I hate to say anything nice about the City of Austin, but their utility statements show 13-month bar graphs for electricity, water and wastewater usage.
Chris already knows this but I have an Excel spreadsheet that has three tabs: Electricity, Natural Gas and Water. I fill in the usage units and total bill cost every month. I have line graphs that show year-over-year data that makes it easy for me to track consumption. (my historic data goes back to Jan 2007) I keep the spreadsheet in my dropbox so it's always nearby when I'm paying bills. ( I also try to keep track of specific events that might affect usage and the date when they occurred. This allows me to analyze how each improvement or event affects my energy usage. I want to track transportation fuel consumption by vehicle but I don't have a good mobile solution for entering the data at the gas/diesel pump. I'm convinced that the right way to track all energy usage is to have a combination of a mobile app and integration with the utility data. For me, that is all I need to have the ability to crunch numbers and see how I'm doing at any given time. (oh yeah, and social integration so I can share my consumption with others!) -P
Heh, I have the same thing. Spreadsheet. Back to 2007. We should compare notes ;) I've recently tried to normalize heating energy to heating degree days, that was a fun adventure. opower is working on the social thing...
Even if you keep the monthly data in a spreadsheet or have utilities that show monthly usage over the last year, it's next to impossible to tie spikes or drops in usage to particular events, usage habits, or appliances. Because of this it's hard to make meaningful changes to our habits.
Hi Jennifer, Agreed, but I can see trends and some changes since I'm recording large events as well. For example, when I had a plumber come out and fix running toilets and any leaky faucets, I could see the change easily over the next six months on the year over year line chart.. Same with when I replaced builder's grade toilets with 1.28gpf efficient models. This is specific to water though. It has been harder for me to see trends with natural gas and electricity except when I also look at avg. monthly temperature for the same period but year over year. However, I do see trends with big energy events like when I swapped out close to 100 incandescent bulbs for CFLs or when I added a solar hot water pre-heat system to my home. (I have an electric hot water heater) Probably the biggest benefit for me is that it keeps me thinking about energy conservation so I tend to make better choices with each of the small items and I think it eventually adds up! -P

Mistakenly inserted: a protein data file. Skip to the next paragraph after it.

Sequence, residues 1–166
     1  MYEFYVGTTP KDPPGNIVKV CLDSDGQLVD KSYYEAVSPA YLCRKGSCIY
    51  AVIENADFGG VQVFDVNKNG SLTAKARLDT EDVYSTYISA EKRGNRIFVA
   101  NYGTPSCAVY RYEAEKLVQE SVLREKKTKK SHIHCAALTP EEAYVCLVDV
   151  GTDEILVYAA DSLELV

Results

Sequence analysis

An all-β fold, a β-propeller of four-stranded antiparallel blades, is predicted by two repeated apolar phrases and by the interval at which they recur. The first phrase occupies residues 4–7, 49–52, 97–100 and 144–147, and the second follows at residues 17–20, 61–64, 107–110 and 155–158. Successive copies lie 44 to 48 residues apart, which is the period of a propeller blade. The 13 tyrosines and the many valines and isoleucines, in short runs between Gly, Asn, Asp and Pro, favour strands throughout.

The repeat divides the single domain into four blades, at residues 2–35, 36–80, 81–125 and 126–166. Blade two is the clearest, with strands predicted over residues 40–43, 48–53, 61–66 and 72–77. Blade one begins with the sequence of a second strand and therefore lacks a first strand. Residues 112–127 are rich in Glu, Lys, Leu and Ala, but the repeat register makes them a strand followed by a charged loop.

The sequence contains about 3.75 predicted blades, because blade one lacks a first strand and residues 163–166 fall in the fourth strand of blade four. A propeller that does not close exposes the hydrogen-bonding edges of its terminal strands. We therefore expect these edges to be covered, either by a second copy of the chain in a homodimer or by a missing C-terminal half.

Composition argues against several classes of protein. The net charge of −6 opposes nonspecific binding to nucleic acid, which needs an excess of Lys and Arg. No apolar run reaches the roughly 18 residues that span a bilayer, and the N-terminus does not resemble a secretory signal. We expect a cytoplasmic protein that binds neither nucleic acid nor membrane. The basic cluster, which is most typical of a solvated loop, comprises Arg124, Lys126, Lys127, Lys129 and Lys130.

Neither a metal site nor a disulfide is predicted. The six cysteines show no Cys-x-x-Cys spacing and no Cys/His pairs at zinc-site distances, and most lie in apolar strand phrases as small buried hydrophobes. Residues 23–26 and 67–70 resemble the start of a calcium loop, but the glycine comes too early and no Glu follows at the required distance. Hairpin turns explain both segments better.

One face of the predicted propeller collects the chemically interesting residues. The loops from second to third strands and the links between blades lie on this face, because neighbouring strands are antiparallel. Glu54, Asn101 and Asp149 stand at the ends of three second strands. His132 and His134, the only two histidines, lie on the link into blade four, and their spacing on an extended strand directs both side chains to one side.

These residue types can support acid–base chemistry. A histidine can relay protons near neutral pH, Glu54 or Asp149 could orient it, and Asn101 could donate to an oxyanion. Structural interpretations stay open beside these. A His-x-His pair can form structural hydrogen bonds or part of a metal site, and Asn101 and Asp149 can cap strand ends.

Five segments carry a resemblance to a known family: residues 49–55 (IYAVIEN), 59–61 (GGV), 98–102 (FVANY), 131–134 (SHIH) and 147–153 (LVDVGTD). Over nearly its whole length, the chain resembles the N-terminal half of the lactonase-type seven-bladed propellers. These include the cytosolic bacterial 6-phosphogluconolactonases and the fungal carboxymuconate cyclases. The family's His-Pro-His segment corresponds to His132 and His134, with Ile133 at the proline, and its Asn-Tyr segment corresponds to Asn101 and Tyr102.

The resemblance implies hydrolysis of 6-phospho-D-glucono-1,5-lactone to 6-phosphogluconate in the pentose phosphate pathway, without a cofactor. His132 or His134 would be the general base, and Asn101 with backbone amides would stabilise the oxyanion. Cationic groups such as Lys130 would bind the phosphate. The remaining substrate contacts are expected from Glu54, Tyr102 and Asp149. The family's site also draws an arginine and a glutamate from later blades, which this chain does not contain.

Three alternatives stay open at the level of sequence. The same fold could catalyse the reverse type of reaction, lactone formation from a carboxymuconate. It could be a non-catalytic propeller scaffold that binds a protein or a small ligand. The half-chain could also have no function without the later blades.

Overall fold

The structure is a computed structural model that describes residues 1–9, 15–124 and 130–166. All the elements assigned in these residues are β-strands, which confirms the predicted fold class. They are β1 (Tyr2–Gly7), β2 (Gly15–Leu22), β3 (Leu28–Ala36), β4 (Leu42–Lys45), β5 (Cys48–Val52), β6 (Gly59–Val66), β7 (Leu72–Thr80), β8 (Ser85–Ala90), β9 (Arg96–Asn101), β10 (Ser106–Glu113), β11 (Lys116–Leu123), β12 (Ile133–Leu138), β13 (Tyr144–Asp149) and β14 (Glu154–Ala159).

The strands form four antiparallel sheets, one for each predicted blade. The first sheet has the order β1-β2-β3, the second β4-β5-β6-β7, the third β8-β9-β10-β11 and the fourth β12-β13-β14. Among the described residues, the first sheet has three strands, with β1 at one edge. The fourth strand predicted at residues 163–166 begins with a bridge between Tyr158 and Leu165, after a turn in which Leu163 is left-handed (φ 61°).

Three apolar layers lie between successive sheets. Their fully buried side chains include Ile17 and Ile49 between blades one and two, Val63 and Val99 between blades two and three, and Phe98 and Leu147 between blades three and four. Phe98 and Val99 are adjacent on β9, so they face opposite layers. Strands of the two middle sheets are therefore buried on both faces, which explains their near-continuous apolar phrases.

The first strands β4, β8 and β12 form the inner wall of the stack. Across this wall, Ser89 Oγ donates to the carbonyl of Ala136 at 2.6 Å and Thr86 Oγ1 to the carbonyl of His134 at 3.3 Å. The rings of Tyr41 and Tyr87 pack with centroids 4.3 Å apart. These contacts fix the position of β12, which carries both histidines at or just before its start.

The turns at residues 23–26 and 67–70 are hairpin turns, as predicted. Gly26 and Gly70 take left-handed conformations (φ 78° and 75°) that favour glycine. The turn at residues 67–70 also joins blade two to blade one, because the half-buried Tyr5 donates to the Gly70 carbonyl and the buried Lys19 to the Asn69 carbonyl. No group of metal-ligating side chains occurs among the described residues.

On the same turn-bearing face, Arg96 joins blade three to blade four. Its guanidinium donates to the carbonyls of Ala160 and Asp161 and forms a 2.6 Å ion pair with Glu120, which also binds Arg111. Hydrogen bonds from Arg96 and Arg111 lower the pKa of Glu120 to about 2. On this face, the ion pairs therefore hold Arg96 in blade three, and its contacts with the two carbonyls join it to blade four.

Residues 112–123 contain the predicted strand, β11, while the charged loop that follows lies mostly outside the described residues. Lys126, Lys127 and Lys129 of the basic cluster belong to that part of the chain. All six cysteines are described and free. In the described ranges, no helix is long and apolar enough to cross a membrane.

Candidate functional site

Eric, I'll send you my spreadsheet if you send me yours! It's on its way. -P
When my older kid decided daily showers were necessary, I definitely saw a spike. When I put in a 1.6gpm shower head, that spike went back down. :) Heating is a lot harder to track well, due to weather variation. You have to get tricky with heating degree days (see my crack at it <a href="" rel="nofollow">here</a>) I tried to do that analysis by periods between work - initial attic insulation, wall insulation, new heating zone in basement - and so far, nothing super obvious has jumped out (which is frustrating, since all that was quite a lot of work!) For electricity, I have much more fine-grained data, and that is quite useful. In particular I keep track of the "always on" minimum power draw in the house, to make sure no new vampire showed up. An extra 20W over the course of a year can really add up!